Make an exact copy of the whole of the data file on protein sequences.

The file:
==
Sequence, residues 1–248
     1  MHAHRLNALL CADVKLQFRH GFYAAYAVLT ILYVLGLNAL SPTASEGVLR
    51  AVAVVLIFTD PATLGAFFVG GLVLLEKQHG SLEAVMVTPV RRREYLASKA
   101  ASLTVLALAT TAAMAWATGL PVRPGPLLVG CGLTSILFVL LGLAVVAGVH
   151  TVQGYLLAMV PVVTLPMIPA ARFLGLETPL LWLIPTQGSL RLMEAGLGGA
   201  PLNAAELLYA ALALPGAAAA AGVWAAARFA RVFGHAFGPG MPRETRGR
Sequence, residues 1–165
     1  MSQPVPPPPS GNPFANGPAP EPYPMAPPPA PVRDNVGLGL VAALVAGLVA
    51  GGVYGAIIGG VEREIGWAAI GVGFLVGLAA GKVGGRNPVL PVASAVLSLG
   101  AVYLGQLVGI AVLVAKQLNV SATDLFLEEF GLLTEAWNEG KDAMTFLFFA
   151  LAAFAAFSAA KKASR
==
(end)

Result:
Sequence, residues 1–248
     1  MHAHRLNALL CADVKLQFRH GFYAAYAVLT ILYVLGLNAL SPTASEGVLR
    51  AVAVVLIFTD PATLGAFFVG GLVLLEKQHG SLEAVMVTPV RRREYLASKA
   101  ASLTVLALAT TAAMAWATGL PVRPGPLLVG CGLTSILFVL LGLAVVAGVH
   151  TVQGYLLAMV PVVTLPMIPA ARFLGLETPL LWLIPTQGSL RLMEAGLGGA
   201  PLNAAELLYA ALALPGAAAA AGVWAAARFA RVFGHAFGPG MPRETRGR
Sequence, residues 1–165
     1  MSQPVPPPPS GNPFANGPAP EPYPMAPPPA PVRDNVGLGL VAALVAGLVA
    51  GGVYGAIIGG VEREIGWAAI GVGFLVGLAA GKVGGRNPVL PVASAVLSLG
   101  AVYLGQLVGI AVLVAKQLNV SATDLFLEEF GLLTEAWNEG KDAMTFLFFA
   151  LAAFAAFSAA KKASR